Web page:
Japan vs. Croatia
Last cup’s runner ups, Croatia, played a lengthy and challenging encounter against Japan, but ultimately prevailed on penalties to advance to the quarterfinals where they will face the victor of the contest between Brazil.
When the game ended in a draw after regulation and overtime, penalties were used to decide the winner. Croatian goalie Dominik Livakovic saved three penalties to win the game.
Japan made a strong first impression, forcing Croatia to be cautious with the ball early on in the first half. Even though Bruno Petkovic and Ivan Perisic gave Croatia the best opportunity to score the game’s first goal twice, Japan was able to hold on.
Until Japan scored the first goal of the night in Qatar as the first half came to a close, the game appeared to be rather lifeless. Following a corner kick, Daizen Maeda scored and profited from some miscommunication within the Croatian box. The Japanese attacker was able to get to the ball sooner and avoid missing Dominik Livakovic.
Ivan Perisic scored the equalizer with a wonderful header to give Croatia the momentum they needed to respond in the second half and tie Davor Uker for the World Cup’s most goals with six.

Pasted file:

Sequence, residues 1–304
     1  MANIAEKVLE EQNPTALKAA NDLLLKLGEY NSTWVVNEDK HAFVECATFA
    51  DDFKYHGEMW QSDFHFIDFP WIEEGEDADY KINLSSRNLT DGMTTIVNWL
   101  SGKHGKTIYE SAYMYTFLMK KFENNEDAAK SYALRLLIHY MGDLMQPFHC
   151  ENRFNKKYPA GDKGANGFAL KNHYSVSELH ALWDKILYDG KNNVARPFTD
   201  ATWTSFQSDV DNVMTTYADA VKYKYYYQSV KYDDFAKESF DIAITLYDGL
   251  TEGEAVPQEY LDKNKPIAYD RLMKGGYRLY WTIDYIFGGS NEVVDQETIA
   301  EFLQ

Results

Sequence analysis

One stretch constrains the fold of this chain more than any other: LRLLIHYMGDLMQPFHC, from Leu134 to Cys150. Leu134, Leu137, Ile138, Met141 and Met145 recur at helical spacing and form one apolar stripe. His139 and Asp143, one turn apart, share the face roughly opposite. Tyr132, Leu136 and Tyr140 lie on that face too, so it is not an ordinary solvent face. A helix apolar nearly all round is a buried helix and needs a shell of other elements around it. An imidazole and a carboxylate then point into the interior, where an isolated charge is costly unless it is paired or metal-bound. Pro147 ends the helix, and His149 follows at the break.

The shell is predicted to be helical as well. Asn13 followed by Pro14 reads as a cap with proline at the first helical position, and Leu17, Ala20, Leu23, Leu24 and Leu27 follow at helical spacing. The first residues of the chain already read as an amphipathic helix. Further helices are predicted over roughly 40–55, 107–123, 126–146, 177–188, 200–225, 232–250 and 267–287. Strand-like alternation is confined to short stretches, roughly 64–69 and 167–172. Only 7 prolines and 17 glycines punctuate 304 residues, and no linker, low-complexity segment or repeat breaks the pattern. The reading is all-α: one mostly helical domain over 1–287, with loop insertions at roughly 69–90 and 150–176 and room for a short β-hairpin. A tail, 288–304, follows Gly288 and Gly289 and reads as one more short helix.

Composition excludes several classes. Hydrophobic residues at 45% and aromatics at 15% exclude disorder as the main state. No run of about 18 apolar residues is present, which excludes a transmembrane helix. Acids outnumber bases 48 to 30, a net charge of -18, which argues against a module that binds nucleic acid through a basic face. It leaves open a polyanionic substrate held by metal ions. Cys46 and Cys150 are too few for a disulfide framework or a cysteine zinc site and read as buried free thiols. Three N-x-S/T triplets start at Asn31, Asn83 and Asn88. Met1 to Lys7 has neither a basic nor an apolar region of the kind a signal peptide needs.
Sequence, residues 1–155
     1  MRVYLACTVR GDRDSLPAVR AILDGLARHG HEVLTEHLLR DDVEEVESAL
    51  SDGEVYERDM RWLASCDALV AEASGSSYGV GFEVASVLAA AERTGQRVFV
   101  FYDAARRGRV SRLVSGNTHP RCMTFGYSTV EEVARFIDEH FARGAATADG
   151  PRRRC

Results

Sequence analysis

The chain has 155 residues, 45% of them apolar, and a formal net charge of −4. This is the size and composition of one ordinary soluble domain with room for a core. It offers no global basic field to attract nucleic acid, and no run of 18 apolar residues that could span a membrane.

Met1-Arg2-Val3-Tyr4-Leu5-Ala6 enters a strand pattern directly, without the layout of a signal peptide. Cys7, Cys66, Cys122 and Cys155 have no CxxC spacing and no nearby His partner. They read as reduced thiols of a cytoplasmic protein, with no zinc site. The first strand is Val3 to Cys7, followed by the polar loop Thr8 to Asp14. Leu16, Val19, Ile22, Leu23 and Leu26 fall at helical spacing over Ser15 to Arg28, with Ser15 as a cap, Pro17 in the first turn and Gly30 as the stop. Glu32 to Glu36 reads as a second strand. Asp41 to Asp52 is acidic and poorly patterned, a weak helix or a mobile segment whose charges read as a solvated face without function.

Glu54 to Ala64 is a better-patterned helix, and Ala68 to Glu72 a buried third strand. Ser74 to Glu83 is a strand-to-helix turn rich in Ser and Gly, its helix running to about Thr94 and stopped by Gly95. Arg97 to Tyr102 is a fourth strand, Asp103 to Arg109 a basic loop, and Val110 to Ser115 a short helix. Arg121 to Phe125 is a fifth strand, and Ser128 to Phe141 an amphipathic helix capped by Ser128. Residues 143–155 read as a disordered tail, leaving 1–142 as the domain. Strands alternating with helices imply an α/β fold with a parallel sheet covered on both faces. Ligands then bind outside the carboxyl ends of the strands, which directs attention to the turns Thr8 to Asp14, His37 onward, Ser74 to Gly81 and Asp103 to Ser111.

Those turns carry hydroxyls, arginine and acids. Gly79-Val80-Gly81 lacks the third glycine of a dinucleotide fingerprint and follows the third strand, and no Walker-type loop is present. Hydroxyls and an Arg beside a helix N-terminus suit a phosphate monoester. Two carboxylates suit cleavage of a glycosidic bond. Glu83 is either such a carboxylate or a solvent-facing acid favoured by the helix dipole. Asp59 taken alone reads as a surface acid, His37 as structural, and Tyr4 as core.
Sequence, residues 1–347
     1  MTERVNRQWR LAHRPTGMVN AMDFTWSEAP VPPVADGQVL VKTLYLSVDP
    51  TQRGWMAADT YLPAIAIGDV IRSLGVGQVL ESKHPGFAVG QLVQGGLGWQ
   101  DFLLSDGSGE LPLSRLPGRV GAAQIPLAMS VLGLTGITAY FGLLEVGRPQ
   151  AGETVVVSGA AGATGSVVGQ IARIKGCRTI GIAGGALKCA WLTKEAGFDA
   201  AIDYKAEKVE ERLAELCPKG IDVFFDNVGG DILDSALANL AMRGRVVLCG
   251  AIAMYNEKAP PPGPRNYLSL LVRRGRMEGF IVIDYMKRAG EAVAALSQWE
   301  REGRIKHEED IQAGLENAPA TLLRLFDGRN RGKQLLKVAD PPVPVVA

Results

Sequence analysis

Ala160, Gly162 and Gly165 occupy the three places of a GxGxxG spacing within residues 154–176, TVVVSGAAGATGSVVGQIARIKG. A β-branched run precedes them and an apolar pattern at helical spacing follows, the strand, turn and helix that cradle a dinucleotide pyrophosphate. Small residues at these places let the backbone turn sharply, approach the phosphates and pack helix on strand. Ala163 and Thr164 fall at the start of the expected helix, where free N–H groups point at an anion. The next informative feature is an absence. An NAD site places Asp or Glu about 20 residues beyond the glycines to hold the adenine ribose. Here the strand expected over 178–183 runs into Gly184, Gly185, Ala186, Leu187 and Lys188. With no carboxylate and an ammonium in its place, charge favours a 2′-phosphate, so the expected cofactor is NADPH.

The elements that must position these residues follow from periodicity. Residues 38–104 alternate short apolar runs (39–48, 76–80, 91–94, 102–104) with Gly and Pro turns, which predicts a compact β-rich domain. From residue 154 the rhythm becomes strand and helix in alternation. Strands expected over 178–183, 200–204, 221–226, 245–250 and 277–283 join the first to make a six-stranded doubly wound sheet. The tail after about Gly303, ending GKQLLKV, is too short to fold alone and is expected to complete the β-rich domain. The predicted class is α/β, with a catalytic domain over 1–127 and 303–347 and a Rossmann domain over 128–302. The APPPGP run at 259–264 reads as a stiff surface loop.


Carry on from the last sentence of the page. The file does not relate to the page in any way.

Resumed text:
From that point on, it appeared that Croatia had more, but the World Cup champions of 2018 didn’t exert themselves enough and failed to score despite having two excellent chances with Luka Modric and Ivan Perisic once more. The game entered overtime for the first time in this competition’s edition after regular time ended 1-1.
The extra time was not memorable, as is usually the case, and the teams were more focused on preventing the second goal than they were about scoring the victor. Before the penalties, Croatian manager Zlatko Dalic made the decision to substitute Luka Modric, Mateo Kovacic, and Ivan Perisic.
Dominik Livakovic, Croatia’s goalie, put up an outstanding performance, save three penalties to help his team defeat Japan 3-1 on penalties. Croatia will compete against the victor of Brazil vs. South Korea in the quarterfinals.
Despite everything the Japanese team has accomplished, Coach Hajime Moriyasu and his players will return from Qatar with a lingering sense of remorse. Japan has never advanced past the round of 16 at a World Cup. Even though Japan’s group phase draw had not been favorable, the knockout bracket had gone in its favor. It had this opportunity. There might not be one better.